By Tolu Ogunlesi
No writer could possibly exist in isolation. Even if she succeeded in engineering a spatial isolation (think of the farthest reaches of outer space), psychic isolation from the rest of humanity would be impossible. At the very least a writer is also a citizen—with all the requisite responsibilities: paying tax, participating in local politics, and obeying the rules and regulations established by the state. She is a mélange of family ties, societal status, religious beliefs (or lack of them), biases, memories, romantic impulses, political affiliation and imaginative capacity. A writer is a human being first, and then a creative force, and therefore far more than the sum of his writing.
This applies everywhere, and in times of peace and conflict. Having established this, let us proceed to the all-important question: What is the role of the writer in a conflict zone?
Perhaps one should start by considering the options available to a writer in a conflict zone. (For the purposes of this article, I have chosen “war” as synonym for conflict). A writer’s choice of role(s) in conflict is admittedly limited. Aloofness is one possibility; this would mean an artistic disconnection from the conflict (“I will not / cannot write”). The other choice would be to “engage,” which would manifest as an artistic engagement (writing) or a militaristic one (taking up arms), or both.
The Nigerian civil war, also known as the Biafran War, was a watershed moment in the history of the Nigerian republic. Erupting only seven years after independence from Britain, it was merely the final breakdown at the end of a series of smaller (but progressively worsening) failures— widespread violence in the Western region, necessitating the declaration of a state of emergency; two violent, bloody coups that overthrew the central government; and the massacre of Eastern Nigerians living in the predominantly Muslim North. It is interesting to observe the responses of Nigerian writers to the war, and to try to draw patterns from the actions of five of them:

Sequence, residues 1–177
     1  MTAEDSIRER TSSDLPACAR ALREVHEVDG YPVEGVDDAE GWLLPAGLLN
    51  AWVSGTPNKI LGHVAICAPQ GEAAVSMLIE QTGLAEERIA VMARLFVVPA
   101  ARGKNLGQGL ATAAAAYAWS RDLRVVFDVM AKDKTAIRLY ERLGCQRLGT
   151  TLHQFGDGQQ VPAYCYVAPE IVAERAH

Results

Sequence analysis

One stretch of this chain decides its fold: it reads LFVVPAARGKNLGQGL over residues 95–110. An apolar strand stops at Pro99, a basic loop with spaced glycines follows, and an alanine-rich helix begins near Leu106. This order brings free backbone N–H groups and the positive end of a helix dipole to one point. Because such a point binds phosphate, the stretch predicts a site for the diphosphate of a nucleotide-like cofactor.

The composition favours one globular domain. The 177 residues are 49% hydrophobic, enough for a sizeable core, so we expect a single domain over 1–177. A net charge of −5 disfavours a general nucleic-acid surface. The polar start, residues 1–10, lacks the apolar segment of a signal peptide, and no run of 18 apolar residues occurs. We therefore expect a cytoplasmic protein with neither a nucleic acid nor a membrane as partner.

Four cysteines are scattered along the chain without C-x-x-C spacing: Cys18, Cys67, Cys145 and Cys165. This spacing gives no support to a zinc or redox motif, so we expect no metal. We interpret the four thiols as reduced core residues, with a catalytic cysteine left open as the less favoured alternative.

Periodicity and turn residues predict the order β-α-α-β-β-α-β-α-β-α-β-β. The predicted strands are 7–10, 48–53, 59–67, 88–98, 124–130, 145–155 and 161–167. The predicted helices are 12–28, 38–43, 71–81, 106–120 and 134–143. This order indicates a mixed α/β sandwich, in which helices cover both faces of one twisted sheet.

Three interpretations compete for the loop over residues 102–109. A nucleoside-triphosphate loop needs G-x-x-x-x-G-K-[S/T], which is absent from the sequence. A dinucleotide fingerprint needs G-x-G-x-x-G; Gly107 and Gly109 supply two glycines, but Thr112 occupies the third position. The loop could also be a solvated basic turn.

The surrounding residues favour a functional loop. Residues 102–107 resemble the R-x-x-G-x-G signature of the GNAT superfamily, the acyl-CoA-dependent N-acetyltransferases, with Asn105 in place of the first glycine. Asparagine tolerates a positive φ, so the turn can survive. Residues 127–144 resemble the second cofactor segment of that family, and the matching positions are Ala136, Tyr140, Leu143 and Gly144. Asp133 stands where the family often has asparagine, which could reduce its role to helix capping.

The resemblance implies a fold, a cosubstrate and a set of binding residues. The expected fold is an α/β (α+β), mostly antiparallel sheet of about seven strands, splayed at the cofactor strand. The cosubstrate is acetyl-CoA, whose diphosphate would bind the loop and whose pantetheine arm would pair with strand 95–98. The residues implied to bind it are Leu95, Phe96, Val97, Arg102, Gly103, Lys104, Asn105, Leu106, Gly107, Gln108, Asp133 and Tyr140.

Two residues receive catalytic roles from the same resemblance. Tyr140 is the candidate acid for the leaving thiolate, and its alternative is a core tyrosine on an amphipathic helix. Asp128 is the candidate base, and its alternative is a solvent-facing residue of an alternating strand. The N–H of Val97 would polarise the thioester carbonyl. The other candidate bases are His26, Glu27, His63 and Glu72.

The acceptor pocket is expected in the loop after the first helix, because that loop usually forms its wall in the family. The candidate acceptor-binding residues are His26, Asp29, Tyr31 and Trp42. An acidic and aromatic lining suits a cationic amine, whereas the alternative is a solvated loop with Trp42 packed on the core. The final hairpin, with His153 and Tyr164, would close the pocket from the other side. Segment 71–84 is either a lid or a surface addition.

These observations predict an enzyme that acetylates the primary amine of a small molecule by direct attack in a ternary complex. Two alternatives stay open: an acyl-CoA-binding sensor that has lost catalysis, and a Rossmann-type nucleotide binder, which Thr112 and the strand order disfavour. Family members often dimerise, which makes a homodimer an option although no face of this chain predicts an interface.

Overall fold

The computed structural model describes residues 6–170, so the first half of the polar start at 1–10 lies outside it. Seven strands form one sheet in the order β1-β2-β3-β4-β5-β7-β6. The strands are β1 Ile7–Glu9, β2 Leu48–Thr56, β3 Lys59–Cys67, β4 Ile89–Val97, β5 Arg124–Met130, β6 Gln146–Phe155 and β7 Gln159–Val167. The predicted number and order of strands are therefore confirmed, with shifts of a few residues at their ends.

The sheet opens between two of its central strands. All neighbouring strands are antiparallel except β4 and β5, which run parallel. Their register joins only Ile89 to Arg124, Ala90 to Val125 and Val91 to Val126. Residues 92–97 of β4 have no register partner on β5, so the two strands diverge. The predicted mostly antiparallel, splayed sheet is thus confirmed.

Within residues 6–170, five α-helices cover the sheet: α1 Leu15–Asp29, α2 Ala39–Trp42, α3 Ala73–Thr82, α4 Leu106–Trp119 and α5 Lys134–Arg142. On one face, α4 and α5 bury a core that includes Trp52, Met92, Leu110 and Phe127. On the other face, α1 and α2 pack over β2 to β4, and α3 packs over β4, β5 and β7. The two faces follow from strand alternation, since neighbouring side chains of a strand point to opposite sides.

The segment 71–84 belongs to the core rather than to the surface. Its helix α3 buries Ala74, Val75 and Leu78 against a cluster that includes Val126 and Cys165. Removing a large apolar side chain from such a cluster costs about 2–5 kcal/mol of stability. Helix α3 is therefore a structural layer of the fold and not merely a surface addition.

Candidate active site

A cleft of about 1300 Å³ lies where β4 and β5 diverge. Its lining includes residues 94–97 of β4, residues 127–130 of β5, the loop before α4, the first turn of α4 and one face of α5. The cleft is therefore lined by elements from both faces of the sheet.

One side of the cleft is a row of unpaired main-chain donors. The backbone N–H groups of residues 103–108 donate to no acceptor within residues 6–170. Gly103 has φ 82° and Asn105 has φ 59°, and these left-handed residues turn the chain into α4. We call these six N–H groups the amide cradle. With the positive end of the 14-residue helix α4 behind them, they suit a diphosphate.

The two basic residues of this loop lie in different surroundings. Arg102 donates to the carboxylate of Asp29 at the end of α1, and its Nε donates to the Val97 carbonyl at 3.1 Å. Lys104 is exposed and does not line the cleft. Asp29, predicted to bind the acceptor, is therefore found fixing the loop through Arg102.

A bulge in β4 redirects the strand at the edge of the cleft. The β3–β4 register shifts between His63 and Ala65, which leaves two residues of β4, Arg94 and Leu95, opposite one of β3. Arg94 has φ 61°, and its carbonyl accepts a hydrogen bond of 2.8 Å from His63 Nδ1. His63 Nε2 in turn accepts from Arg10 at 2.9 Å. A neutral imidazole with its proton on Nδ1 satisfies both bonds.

Wole Soyinka, who, two decades later would win the Nobel Prize in Literature; Chinua Achebe, who has come to be referred to (against his will by the way) as the Father of African Literature; Christopher Okigbo, arguably the most influential and most famous poet to come out of Nigeria; John Pepper (J. P.) Clark, poet, playwright and dramatist; and Ken Saro Wiwa, who would go on to become a world-famous environmental rights activist, and who, three decades later, would be hanged by Nigeria’s military dictatorship on the basis of unsubstantiated charges (of inciting murder).
A background to the war is necessary here. The killings of Igbos (the predominant ethnic group in Eastern Nigeria) living in Northern Nigeria compelled the military governor of the Eastern region to declare independence from Nigeria, and proclaim the breakaway nation the Republic of Biafra. The Government of Nigeria (headed by a Northerner) would have none of the declaration. Efforts at dialogue and negotiations of a peaceful settlement failed; in May 1967 war was declared. The war therefore pitched Nigeria (the Western and Northern regions) against Biafra (the Eastern region). It lasted for 30 months, ending in 1970 with the surrender of Biafra. For his attempts to negotiate with the Biafran authorities, the Nigerian government arrested and jailed Soyinka.
In a 2006 interview, Wole Soyinka (whose ethnic group, the Yorubas, are from Western Nigeria) said: “I didn’t believe in that war. I felt it was an unjust war on the part of the Federal Government, because the Biafrans had suffered a great deal… and while their action was politically unwise, I did not find it morally reprehensible, and they certainly did not deserve that they should be clobbered anew by the full Federal might when they were the immediate past victims.”1 Being Igbo, Chinua Achebe had the path of his allegiance clearly cut out. “I cannot possibly leave Biafra while [the war] goes on. I have to be here and do whatever little I can to help this terribly wronged country,” he wrote in a reply to an invitation from the Africa Studies Program at Northwestern University, Illinois.2 He spent the war years as a spokesperson for the government of Biafra, traveling to America and Europe to seek understanding allies for the Biafran war effort.
Achebe, pained by bosom friend J.P. Clark’s decision to join the Nigerian side (he saw it as nothing short of a betrayal), cut all ties with him. For years afterwards the two men were not on speaking terms.
Christopher Okigbo (also Igbo) sketched, in poetry full of an unnerving urgency and startling symbolism, the descent into anarchy (these poems were written before the war started):